decorated initial 'D'ickens uses the passage at the onset of the novel to illustrate the unusually intense fear and guilt-asociated paranoia that afflicts his young protagonist. On a larger scale, however, he uses it to address the disquietude and trepidation that children so often and so unfortunately experience throughout their lives. He considers the vulnerability and impressionability of children, lamenting the inescapable fact that such a large portion of them suffer mercilessly at the hands of ignorant and irresponsible parents or guardians. Dickens voices a plea for these fragile children (Pip, Estella, the little Pockets, to name a few) who are perpetually manipulated and permanently scarred, both mentally and physically, by careless adults without a second thought.

This passage illustrates the way in which the bleakness of Pip's daily reality taints his perception of the world. His severe and violent upbringing renders him prone to anxiety and trepidation. It also, seemingly, encourages his imaginative powers. Young Pip sees through the eyes of a veritable victim. He feels betrayed by his guardian, confused and uncertain about his future. His sister harshly describes to him the horrific fate of a Hulk's prisoner and warns him he is on his way to becoming one; naturally his “oppressed conscience" sees the wooden sign-post in the misty morning fog as a phantom decreeing his own life sentence. Similarly, when Pip first arrives at Miss Havisham's, he seems especially horrified. His apprehension follows him wherever he goes:

I saw that the dress had been put upon the rounded figure of a young woman, and that the figure upon which it now hung loose had shrunk to skin and bone. Once, I had been taken to see some ghastly wax-work at the fair, representing I know not what impossible personage lying in state. Once, I had been taken to one of our old marsh churches to see a skeleton in the ashes of a rich dress that had been dug out of a vault under the church pavement. Now, waxwork and skeleton seemed to have dark eyes that moved and looked at me. I should have cried out, if I could. (p.53)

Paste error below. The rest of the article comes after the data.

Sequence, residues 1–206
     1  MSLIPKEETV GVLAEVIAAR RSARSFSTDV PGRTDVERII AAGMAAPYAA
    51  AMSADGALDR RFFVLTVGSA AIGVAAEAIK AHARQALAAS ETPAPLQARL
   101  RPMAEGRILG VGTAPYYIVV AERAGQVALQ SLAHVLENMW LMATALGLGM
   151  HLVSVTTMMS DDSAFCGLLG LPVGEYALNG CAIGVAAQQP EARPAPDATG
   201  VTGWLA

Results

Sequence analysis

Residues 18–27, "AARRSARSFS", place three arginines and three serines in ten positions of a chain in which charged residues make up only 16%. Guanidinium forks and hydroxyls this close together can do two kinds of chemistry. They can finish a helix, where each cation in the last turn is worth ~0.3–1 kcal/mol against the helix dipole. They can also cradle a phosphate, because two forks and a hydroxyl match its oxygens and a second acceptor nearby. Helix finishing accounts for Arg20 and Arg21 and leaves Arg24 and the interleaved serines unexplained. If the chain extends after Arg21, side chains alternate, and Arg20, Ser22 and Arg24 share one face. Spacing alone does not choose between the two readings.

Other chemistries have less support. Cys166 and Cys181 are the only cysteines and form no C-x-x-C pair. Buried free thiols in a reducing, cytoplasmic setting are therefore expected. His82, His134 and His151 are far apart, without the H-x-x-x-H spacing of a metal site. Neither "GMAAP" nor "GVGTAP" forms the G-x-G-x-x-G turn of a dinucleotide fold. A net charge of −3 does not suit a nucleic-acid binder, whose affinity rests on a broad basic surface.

Dickens employs haunting descriptives almost poetically, to relate Pip's vision of both a typically damp English morning on the marshes and a decrepid woman in her equally decrepid surroundings. He plays with powerful words like “goblin", “clammy", “phantom", “ghastly" and “skeleton" to create exagerrated versions of the actual scenes, implying that his character truly experienced them that way. The eerieness of these vivid images makes a reader shudder. They draw him in and evoke pathos for the poor child who must face these terrors alone. A reader must ask why no one nurtured this boy, or loved him unconditionally, or made him feel secure in knowing he always had a haven to which he could return? Dickens presents Joe as a loyal friend but certainly not as a capable parent.

Dickens presentation of children in the novel invites a reader to consider the plight of the orphan throughout nineteenth-century England. The newly industrialized world was a scary place even for the child who had a family and money on which to live. For those without, daily life often resembled a nightmare. Workhouses, boarding schools, and orphanages aside (as in Jane Eyre and Oliver Twist), “the conditions under which women and children toiled [in factories] were unimaginably brutal. Elizabeth Barrett's poem “The Cry of the Childen" (1843) may strike us as exaggerated, but it was based on reliable evidence concerning children of five years of age who dragged heavy tubs of coal through low-ceilinged pasages for sixteen hours a day" (Norton Anthology of English Literature, 894 ). Even after the Factory Acts, a life of labor could hardly have been enjoyable for, or beneficial in any way to, a child. Furthermore, the advent of women working to improve their educational opportunities only led them way from the home and from their children. If given a choice, one would probably not choose to relive one's childhood during the Victorian era. It follows that Dicken's novel lacks a single happy-go-lucky character under the age of twenty-five. Take it from the child-laborer himself!


Victorian Web Overview Charles Dickens Great Expectations

Last modified 14 October 2002